Next, we’ll multiply the average lead time by the average daily usage.

(Avg daily use * Avg lead time)

This number will tell you how much to order in normal circumstances to restock with average demand.

Step #3: Subtract Max and Average Values

Finally, subtract the average number from the maximum number to determine your safety stock: 

Safety stock = (Max daily use * Max lead time) - (Avg daily use * Avg lead time)

This calculation will give you the safety stock level you need to keep on hand to prepare for the worst-case scenario. While it may not be enough to meet an extreme rise in sales, it will enable you to prevent stockouts most of the time.

Why E-Commerce Businesses Run Into Stockouts

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Let’s take a look at some common reasons why e-commerce businesses run into stockouts.

Reason #1: Inaccurate Data

You should always make sure you have accurate data when dealing with inventory. Inaccurate data can lead to mismatches between what’s available in your store or warehouse versus what’s been accounted for on paper. Many times, this is because of misplaced items, returns, or variations in shipments.

These issues can make vendors think they’ve adequately stock their inventory, when in reality, it isn’t. As a result, they end up ordering the wrong items or the wrong number of items.

Here are a few actionable tips on how you can address this:

Tip #1: Stay Organized

The first step is to get organized so you can figure out what’s causing discrepancies in inventory data. For example, is the problem originating at the vendor’s end? Are shoplifters part of the problem?

In case the vendor is causing discrepancies (for example, if they aren’t handling deliveries properly) you may want to try out a new schedule for shipments. Similarly, if theft is the issue, you may have to set up security systems to prevent shoppers from stealing products off your shelves.

Tip #2: Inventory Management System

Use an inventory management system to prevent inventory discrepancies. Tracking products manually takes a lot of time, and there’s always the potential for human error. An inventory system lets you automatically update stock levels as you sell items rather than doing it by hand. 

An inventory management system is especially useful if you have multiple locations as you’ll be able to centrally manage inventory across several stores. The easiest way to get started is by creating an inventory management system in Excel or Google Sheets.

Tip #3: Regular Stock Counts

To make sure you always have access to accurate numbers, you need to make sure you’re regularly conducting stock counts. To do this, you should count your products and make sure that your physical records match up with what you have in your storage space and at the physical retail stores. You can either use cycle counting or full inventory counts for this.

Reason #2: Failing to Reorder on Time

Businesses often run into this issue when they sell out products faster than they’re able to restock them. Failing to reorder on time can lead to missed sales opportunities.

Here are some actionable tips on how to address this:

Tip #1: Demand Forecasting

Demand forecasting helps you predict product demand so you can figure out when to order which products. One way to do this is by using your judgment to anticipate demand by taking note of different factors such as past sales, stock turnover, promotional campaigns, economic factors, and seasonality of demand.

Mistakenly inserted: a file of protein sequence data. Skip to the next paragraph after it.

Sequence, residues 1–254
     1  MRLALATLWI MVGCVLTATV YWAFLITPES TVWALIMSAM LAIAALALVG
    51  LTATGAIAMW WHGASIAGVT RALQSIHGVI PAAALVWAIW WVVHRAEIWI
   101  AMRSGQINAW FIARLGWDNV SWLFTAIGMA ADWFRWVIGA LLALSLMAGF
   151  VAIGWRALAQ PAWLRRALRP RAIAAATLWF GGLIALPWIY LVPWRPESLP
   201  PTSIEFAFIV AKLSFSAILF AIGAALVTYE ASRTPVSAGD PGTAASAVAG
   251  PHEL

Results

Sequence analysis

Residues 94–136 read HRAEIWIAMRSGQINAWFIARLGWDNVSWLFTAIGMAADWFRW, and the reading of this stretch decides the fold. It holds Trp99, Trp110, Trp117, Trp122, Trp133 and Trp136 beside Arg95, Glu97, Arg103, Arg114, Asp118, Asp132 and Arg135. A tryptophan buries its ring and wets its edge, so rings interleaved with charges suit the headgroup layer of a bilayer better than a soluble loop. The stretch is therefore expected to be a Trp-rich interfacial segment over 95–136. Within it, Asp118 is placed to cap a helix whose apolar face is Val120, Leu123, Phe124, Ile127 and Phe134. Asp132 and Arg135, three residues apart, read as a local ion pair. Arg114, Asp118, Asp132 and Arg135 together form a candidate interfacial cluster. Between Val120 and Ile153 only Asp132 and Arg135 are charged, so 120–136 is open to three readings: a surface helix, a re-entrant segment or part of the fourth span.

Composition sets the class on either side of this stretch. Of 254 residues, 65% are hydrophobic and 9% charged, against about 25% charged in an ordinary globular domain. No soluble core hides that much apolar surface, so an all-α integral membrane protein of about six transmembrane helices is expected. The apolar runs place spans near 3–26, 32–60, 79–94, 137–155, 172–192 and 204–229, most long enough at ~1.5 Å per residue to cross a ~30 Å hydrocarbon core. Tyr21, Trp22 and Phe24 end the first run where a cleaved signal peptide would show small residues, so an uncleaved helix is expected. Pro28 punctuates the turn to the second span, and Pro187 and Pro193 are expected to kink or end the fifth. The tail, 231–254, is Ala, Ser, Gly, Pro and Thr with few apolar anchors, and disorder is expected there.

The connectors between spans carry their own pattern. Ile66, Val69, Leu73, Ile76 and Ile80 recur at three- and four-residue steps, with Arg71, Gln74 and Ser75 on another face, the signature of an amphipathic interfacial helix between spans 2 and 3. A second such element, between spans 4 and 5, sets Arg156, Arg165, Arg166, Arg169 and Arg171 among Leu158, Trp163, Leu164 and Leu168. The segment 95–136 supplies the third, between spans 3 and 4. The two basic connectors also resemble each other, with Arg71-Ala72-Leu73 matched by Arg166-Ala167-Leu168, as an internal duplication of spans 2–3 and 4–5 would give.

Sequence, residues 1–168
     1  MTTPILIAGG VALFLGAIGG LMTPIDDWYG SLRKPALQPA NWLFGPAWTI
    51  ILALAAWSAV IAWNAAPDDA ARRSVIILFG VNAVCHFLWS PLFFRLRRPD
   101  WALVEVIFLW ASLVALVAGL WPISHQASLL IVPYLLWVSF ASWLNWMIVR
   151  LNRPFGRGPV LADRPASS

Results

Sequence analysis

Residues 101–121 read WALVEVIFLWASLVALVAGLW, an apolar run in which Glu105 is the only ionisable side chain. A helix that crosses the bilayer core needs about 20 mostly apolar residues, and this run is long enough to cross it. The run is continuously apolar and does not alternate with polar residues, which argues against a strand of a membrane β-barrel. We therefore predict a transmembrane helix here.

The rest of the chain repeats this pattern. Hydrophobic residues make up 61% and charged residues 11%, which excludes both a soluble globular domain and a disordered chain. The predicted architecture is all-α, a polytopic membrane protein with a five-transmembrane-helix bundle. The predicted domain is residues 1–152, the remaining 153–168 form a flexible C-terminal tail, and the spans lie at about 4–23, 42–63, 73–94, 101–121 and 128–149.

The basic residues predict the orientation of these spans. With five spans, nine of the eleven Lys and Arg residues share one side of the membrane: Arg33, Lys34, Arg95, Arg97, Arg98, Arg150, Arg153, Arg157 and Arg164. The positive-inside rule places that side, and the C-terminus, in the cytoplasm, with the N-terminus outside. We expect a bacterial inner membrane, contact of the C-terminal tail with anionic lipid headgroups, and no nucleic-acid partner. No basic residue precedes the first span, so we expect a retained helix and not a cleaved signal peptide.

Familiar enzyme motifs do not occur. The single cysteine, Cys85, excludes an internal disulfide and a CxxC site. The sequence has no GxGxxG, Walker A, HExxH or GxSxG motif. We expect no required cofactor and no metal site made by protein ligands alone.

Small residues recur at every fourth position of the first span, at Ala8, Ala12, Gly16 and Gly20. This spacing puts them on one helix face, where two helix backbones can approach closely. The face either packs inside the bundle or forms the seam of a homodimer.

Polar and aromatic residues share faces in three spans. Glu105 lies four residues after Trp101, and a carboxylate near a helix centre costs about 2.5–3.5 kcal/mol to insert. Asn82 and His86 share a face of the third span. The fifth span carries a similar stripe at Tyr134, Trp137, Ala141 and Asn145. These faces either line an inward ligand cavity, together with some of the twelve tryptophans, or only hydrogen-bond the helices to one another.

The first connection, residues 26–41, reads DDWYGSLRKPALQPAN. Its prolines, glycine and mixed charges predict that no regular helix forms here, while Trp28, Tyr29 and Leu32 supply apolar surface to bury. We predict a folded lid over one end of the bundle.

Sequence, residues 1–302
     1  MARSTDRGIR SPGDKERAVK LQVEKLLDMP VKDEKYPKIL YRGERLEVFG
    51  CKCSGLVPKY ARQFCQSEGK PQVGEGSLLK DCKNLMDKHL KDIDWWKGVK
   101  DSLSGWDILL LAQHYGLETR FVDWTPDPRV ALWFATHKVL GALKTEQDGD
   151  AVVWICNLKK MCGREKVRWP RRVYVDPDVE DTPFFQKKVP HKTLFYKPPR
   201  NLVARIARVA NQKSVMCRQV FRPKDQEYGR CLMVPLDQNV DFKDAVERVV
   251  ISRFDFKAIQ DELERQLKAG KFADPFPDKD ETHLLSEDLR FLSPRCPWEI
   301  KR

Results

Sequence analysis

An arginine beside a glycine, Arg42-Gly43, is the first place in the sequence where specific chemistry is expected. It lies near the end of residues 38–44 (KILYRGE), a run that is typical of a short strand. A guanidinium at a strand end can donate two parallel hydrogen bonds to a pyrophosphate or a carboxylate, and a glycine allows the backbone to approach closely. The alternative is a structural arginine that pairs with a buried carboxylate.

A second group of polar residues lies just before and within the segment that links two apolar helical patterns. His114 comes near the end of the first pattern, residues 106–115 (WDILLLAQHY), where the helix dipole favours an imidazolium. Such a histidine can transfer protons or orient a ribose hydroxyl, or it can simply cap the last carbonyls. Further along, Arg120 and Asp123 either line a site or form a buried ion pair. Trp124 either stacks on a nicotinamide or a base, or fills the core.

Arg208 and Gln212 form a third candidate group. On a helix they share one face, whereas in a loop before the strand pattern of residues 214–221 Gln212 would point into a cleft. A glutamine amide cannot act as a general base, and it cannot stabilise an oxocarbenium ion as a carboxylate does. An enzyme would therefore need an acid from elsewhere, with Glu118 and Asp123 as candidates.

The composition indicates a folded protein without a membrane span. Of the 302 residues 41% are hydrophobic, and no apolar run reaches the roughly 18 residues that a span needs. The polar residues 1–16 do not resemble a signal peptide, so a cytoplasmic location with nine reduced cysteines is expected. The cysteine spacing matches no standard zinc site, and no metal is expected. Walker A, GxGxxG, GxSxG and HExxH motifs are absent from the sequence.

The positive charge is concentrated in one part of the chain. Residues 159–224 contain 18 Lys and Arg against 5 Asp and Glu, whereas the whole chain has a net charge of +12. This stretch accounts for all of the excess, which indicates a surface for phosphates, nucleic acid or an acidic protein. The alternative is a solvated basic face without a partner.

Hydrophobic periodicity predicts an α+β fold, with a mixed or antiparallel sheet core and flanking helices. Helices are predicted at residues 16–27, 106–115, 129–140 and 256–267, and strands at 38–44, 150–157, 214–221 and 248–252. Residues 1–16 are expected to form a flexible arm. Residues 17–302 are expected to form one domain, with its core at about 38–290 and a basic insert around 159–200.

Tip #2: Consumer Buying Trends

Although past sales data is certainly useful, you should also keep your eye on buyer trends in the market. Are shoppers moving towards newer products? Are any past styles and trends making a comeback? Take note of consumer buying trends and factor them into calculating your safety stock.

Tip #3: Out of Stock Patterns

A research study conducted by Procter and Gamble shows that out of stock scenarios tend to form patterns such as day of the week. Vendors can identify patterns by auditing their stocks and noting the day and times of the week when they commonly witness stockouts.

Reason #3: Poor Communication With Suppliers

Poor communication with suppliers and manufacturers can lead to delays or missed orders.

Here are a few actionable tips on how to overcome this:

Tip #1: Make Sure Everyone Is on the Same Page

Make sure that all orders and deadlines are recorded (either on paper or in your inventory management system) and check to ensure that everyone has the same set of information. This improves decision-making across different departments in your company.

Tip #2: Share Data With Suppliers 

Remember to inform your suppliers and keep them in the loop about any problems that arise as early as you can. So, for example, if you find that you’re running low on inventory, don’t wait until the 11th hour to inform your suppliers.

Instead, let them know as soon as possible and then start planning your next order. It’s a good idea to share forecast data with your suppliers and manufacturers, so it’s easier to identify and solve issues related to schedules and reordering.

Conclusion

As a business owner, you want to make sure you can ship customer orders on time and maximize sales while ensuring your supply chain processes are streamlined.


Calculating the safety stock levels of all of your SKUs is a great way to get started. As a result, you’ll be able to minimize stockout scenarios, better utilize your warehouse space, improve demand forecasting, and keep up with seasonal trends. And when you’re ready to grow your business, consider partnering up with an e-commerce fulfillment provider that takes care of safety stock for you.